The UK Research and Innovation (UKRI) sector has been plagued with budget cuts in the wake of the COVID-19 pandemic. Senior scientists are calling these cuts “catastrophic” and fear that this could have a detrimental impact on the UK research sector as a whole.
The news of funding being reduced first made the headlines after the UK’s main science funder, UK Research and Innovation had its budget for Official Development Assistance (ODA) cut from £245m to £125m. This, combined with the UK’s retreat from the European Union has left significant gaps within our research offering. A slump in medical charity funding due to COVID-19 has also done little to improve the situation.
The Prime Minister has previously expressed a desire for the UK to become a “global science superpower” but with little capital available to fund vital research projects, this isn’t likely to become a reality any time soon.
Research projects are a fundamental part of establishing effective international collaborations, which is why alternative solutions will have a vital role to play in maintaining the UK’s position as a world leader in the Research and Innovation space.
Addressing global health problems
The role that UKRI plays in our day-to-day lives isn’t to be underestimated. The quick turnaround of the various COVID-19 vaccines shows the positive impact that research can have when given the right support and ultimately, sufficient funding.
While it’s a pivotal part of addressing existing health issues, research can also identify emerging health issues, identifying and responding to potential threats and providing solutions.
A report from the All-Party Parliamentary Group on Global Health from February 2020 serves to highlight the UK’s significant contribution within the so-called G7 group of countries, underlining the benefits that have come from this collaborative research into global health.
The UKRI sector must continue to grow in the coming months and years, which is where private sector collaboration and funding could be crucial.
Despite commitments laid out within the 2020 Budget stating that the government would invest £22bn per annum into Research and Development, more recent reports of cuts to the sector contradict this initial promise.
Having access to the right equipment is fundamental to the success of a new research and innovation project. For example, pioneering dementia research wouldn’t be possible without funding for equipment that would allow scientists to measure epigenetic changes in the brain. Similarly, molecular diagnostic equipment is vital for the analysis of haematological diseases and cancers.
Having the right equipment to complete research and collate data is an essential part of any project, which is where, in the absence of centralised funding, our team at SAF have been playing a vital role.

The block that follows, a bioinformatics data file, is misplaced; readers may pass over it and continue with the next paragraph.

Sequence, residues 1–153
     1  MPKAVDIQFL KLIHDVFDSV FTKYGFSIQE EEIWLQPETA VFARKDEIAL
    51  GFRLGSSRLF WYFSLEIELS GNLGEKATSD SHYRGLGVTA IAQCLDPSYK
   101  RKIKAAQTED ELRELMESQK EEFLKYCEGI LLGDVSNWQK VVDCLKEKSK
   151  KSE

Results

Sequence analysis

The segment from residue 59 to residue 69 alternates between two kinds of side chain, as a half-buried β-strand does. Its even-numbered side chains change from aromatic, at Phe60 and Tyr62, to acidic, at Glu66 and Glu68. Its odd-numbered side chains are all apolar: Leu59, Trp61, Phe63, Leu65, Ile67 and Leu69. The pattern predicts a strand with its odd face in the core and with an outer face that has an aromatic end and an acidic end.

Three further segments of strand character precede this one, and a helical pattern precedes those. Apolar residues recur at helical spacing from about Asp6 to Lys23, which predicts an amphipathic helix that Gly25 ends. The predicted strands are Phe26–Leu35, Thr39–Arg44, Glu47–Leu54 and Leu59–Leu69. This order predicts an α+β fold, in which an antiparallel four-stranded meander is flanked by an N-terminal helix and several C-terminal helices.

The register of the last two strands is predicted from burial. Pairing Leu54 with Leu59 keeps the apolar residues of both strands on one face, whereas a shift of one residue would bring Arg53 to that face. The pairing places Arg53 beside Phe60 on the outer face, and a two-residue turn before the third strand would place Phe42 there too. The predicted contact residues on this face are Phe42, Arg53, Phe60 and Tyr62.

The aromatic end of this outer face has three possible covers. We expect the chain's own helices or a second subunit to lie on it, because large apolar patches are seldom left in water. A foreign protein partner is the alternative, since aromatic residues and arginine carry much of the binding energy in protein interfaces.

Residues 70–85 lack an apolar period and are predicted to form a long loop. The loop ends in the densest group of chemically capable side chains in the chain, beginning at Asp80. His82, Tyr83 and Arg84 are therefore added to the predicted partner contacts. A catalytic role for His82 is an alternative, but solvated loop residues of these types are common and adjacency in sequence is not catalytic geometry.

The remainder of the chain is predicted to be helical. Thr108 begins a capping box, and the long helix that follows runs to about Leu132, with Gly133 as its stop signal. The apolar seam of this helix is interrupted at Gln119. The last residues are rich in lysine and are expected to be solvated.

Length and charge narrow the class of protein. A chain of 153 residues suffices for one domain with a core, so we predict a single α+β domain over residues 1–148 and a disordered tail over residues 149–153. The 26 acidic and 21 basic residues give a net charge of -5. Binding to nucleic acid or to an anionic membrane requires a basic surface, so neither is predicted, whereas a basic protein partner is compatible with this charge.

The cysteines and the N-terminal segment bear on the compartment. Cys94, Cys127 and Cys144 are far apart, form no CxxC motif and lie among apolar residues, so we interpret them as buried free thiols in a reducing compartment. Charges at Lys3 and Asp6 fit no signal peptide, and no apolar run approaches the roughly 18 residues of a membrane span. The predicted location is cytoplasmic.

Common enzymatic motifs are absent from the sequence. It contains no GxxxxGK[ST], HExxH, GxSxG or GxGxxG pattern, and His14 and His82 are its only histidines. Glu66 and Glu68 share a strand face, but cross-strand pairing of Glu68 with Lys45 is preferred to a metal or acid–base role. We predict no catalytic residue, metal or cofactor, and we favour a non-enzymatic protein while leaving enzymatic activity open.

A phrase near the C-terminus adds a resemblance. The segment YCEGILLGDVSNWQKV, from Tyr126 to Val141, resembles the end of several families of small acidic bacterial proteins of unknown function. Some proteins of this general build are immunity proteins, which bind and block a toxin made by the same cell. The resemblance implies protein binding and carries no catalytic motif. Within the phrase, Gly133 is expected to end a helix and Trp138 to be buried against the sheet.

We’ve worked with university research departments and research companies to implement financial solutions that allow for the funding of much-needed equipment, which supports ongoing research programmes – something we wrote more about here.
Research equipment is a highly fundable asset and can cost many thousands of pounds to purchase outright. The successful procurement of the right equipment can make or break a project, which is why we’ve worked alongside suppliers to develop bespoke finance options that provide a structured repayment plan over an appropriate funding term.
Many research projects are developed alongside a comprehensive delivery timeline, which means there is a clear idea of how long access to equipment would be required for the project. This enhances the option of a funding solution, removing the pressure of finding the capital for an outright purchase of equipment from the outset and making the project more cost-effective overall.
Developing bespoke finance options
We understand that every project is different, which is why we work in such close collaboration with our suppliers to implement financial solutions that are flexible enough to adapt to any given project requiring any given piece of equipment.
Over the past few months, we’ve seen increased demand for the funding of research equipment, in particular DNA sequencer devices, which allow for the real-time analysis of DNA or RNA fragments.
We’ve previously helped finance the procurement of one of these devices for medical technology company, Origin Sciences. We’ve also implemented a finance solution for the funding of two specialist microscopes for the Roslin Institute and the Institute of Genetics and Cancer both based at the University of Edinburgh, on behalf of our long-term supplier, Carl Zeiss, through the Zeiss Rental finance program.
Reductions in capital availability mean that equipment suppliers need to consider the positive impact a finance option could have on their order book, while also helping to sustain UK Research and Innovation through improved procurement options.
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